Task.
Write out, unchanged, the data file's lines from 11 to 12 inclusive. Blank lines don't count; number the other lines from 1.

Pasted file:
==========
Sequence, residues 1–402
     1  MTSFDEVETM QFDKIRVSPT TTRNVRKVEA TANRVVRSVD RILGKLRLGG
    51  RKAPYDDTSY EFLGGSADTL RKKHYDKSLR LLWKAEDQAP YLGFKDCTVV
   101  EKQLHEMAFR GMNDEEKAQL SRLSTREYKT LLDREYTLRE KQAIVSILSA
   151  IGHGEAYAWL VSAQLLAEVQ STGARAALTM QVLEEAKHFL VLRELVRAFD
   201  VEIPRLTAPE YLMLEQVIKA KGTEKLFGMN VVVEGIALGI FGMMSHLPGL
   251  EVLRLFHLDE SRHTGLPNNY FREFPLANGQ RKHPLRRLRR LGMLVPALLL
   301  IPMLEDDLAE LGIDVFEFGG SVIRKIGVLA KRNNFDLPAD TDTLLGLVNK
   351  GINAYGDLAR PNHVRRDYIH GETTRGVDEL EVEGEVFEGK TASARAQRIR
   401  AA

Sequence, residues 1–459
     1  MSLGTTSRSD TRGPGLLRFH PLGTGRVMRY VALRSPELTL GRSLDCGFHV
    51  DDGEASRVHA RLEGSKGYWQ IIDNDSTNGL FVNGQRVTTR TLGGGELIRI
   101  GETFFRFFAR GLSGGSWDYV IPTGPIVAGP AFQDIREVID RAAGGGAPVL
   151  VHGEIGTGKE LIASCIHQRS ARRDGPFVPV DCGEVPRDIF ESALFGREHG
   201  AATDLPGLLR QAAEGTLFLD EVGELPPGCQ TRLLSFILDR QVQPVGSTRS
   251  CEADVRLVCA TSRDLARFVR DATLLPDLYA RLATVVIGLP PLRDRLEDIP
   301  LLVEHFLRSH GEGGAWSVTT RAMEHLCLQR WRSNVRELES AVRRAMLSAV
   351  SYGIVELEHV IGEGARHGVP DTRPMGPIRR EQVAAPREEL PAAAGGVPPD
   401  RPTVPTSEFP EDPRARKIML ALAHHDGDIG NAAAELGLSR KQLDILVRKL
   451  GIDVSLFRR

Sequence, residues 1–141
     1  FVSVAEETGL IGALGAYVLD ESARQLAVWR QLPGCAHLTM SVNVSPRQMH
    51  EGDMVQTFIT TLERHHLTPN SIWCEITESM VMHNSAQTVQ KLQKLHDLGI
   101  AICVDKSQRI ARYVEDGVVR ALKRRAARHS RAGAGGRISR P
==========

Sequence, residues 1–459
     1  MSLGTTSRSD TRGPGLLRFH PLGTGRVMRY VALRSPELTL GRSLDCGFHV